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May 29 marks 100 days since Tropical Cyclone Winston devastated large parts of Fiji. The category 5 cyclone, the worst in Fiji’s history, impacted 350,000 people - almost half Fiji’s population - and destroyed or damaged more than 30,000 homes. Fiji Red Cross has reached 63,000 people with emergency aid, but says there is still much to do.
“The world is quick to forget disasters when they are no longer in the news but the needs still out there are the needs that we found when we first went into some of these communities after the cyclone struck. People who lost homes are still living in tents or temporary shelters,” said Fiji Red Cross director general Filipe Nainoca.
Over the past 100 days, the International Federation of Red Cross and Red Crescent Societies (IFRC) and Fiji Red Cross have provided people with emergency relief items including tarpaulins, blankets kitchen sets, water containers and family packs. In the coming nine months, Fiji Red Cross aims to reach 65,000 people with guidance on how to rebuild homes and will restore sanitation facilities together with a health and hygiene programme that includes disease prevention messaging and psychosocial support. Communities will also receive support to boost their livelihoods.
Since the cyclone, the Red Cross has noticed an upsurge in diseases like leptospirosis, dengue fever, diarrhoea, typhoid and conjunctivitis, caused by people drinking and coming into contact with dirty water. This is also linked to the close proximity people in temporary shelters are living in with each other and poor environmental sanitation which has led to an increase in mosquito breeding grounds.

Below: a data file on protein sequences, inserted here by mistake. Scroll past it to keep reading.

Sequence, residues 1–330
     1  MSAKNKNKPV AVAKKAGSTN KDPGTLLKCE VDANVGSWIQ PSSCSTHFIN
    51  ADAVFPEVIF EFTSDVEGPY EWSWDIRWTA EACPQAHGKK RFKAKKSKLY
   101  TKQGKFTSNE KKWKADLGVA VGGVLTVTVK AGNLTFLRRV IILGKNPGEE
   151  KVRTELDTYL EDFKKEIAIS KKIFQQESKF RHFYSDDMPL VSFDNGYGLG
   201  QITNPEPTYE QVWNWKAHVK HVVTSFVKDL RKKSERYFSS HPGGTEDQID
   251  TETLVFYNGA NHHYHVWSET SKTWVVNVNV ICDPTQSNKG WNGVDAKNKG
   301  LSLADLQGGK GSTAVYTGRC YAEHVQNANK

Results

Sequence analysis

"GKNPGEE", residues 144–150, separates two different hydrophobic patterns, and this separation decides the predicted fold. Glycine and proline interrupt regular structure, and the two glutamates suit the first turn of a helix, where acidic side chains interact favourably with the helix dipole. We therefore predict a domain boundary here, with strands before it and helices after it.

Living through the cyclone has also had a lasting psychological impact on many people, particularly children.
“We still have reports of children diving under tables when there’s a thunderstorm, or being afraid to go out and play, and that’s not just in the affected communities - that’s in Suva as well,” said Filipe Nainoca. “Psychosocial support - helping communities overcome the emotional trauma they have experienced - is a very important part of what we are doing to restore a sense of normality in people’s lives.”
Hundreds of people across villages that suffered the worst of the storm have benefited from psychosocial support provided by Fiji Red Cross staff and volunteers and according to Health Coordinator Marica Kepa, this has been one of the great successes of the response to date.
“Psychosocial support has been our biggest achievement– going back into communities and just listening and talking to people can make a big difference to their well-being. If needed we refer them on to the relevant authorities if they require further professional help,” said Ms Kepa.
A mother and daughter from Nukubalavu village in Savusavu, Makarita and Lusiana Racani, say the young Fiji Red Cross volunteers who provided them with psychosocial support after the cyclone are their heroes.
“My mother kept re-living the moment and shaking when she talked about it,” says Lusiana. “But after the girls visited a couple of times I only feel relief. Relief, because I know that I shared everything that was in my heart. And also my mum, she’s very happy now and so thankful to these volunteers,” she smiles.
Another successful psychosocial support initiative was a puppet tour of affected schools that Fiji Red Cross conducted with a visiting puppeteer from New Zealand.
“That was a real breakthrough,” said Marica Kepa. “The happiness the puppeteer brought gave a new lease of life to the kids and he cleverly worked in messaging around staying healthy and safe. Even now, weeks later, children are still talking about it,” she said.
According to Filipe Nainoca the speed of recovery has been different in each community. Some have cleaned up and moved on, some have come to a standstill while others haven’t even begun.
“We are going into these communities and re-energising them in whatever way we can, whether it’s helping them with the clean-up or helping them to focus mentally,” he said.
“But there is still so much to do."